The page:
“Mom, I am playing with that brown boy – he’s nice.”
So said our son one warm summer morning. He had just come off the playground at Rosedale Park just outside Baltimore.
“Yes, he is. Have fun!” she told him, and so played out another scene in the process of training up a child in the way that he should go.
Our sons were 4 and 5, our daughter 2 or 3, probably, at that time. They were brought often to this place to have fun. Mom had to get them out of doors, and other moms and dads did the same.
There would be other playgrounds and beaches, pools and fields, gyms and sidewalks. At all of them, our kids made friends.
They discovered the blessing of association, the intimacy of friendship. They learned about others and enjoyed them. It wasn’t hard work to let them learn. They played mostly, argued sometimes, even got mad every now and then, but we always went back to the playgrounds and fields and pools and gyms. The others came back, too. And they all grew up as kids are known to do.
Normal, Healthy, Together
Through the years, there were hundreds of little moments like this. It wasn’t as if we determined to do this. We didn’t craft a strategy or embrace some goal of raising good friends and neighbors. We just lived – and still live — in Baltimore, right in the City in fact, and this was the way it was – normal, healthy, different children had fun. Together.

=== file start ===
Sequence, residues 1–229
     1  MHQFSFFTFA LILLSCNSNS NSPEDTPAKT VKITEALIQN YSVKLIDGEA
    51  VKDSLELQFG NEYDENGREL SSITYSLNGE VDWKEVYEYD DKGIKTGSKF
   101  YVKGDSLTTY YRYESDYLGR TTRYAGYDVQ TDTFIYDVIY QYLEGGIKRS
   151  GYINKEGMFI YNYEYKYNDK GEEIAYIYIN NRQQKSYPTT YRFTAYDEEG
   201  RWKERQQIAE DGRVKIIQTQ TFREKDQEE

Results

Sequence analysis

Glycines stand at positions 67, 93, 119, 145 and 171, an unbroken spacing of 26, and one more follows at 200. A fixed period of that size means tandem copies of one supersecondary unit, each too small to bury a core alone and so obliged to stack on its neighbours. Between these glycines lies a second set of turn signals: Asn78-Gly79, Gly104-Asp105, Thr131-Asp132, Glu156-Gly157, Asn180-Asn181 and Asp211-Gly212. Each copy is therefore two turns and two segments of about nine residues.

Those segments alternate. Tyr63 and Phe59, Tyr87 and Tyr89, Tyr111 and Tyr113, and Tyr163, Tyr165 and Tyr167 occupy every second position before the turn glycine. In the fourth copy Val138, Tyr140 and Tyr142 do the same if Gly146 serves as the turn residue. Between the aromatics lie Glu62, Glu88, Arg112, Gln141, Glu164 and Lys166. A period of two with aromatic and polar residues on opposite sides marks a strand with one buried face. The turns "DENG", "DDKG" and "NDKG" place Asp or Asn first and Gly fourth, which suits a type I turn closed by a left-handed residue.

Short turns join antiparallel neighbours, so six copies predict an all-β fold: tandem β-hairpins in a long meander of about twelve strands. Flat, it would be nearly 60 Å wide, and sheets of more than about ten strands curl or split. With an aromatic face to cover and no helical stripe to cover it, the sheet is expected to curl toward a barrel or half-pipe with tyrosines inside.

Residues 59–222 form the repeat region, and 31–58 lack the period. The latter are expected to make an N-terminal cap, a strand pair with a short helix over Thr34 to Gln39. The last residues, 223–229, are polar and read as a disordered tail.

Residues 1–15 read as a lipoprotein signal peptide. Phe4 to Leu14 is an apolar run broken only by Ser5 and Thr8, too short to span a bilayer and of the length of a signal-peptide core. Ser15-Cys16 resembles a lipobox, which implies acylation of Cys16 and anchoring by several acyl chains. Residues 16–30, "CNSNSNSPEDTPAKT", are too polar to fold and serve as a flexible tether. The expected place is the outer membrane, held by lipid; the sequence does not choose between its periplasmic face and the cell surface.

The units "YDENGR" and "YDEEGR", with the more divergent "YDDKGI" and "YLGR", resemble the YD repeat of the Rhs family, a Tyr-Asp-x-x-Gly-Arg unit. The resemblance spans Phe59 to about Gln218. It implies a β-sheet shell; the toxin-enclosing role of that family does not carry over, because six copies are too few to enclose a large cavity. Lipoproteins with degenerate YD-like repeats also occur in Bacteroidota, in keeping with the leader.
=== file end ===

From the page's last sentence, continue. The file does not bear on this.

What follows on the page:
As a result, these children grew up to be men and women of heart and faith and truth.Today, they grieve with those who grieve. It hurts them to watch things that ought not to be. Click To Tweet
Today, they grieve with those who grieve. It hurts them to watch things that ought not to be.
They pray. They wonder.
They cry. They stand.
They watch. They lead.
And because they hope, I hope.
This World, This Generation
I have to say they know things that I never knew. This is not their father’s world. It’s their world. And I am welcome to enjoy this world, as long as I am willing and available to learn what they can show me.
Mostly, they show me what they learned from their mother. “Do not forsake your mother’s teaching” says Proverbs 1:8 and these kids followed this.
“See, what you do is …” is how she prefaced her important lessons on all manner of things.
They discovered that all things are of God. And that all things are for our sake. And that all things work together for good because of Him and His purposes.
These truths guided them. They lived in other countries. On many occasions, they wound up in groups where they were the different ones — the few even — in classrooms, on basketball teams, in marching bands, on stages, and at parties. And they took no thought of this at all. They found that they fit. They felt at home, with friends, with family.
They played. They laughed. They lived. They fell in love, really.
“See, what you do is …”All along the way I think they heard their mother saying this. I know that they still hear her.
“See, what you do is …”
Believe the best.
And have fun.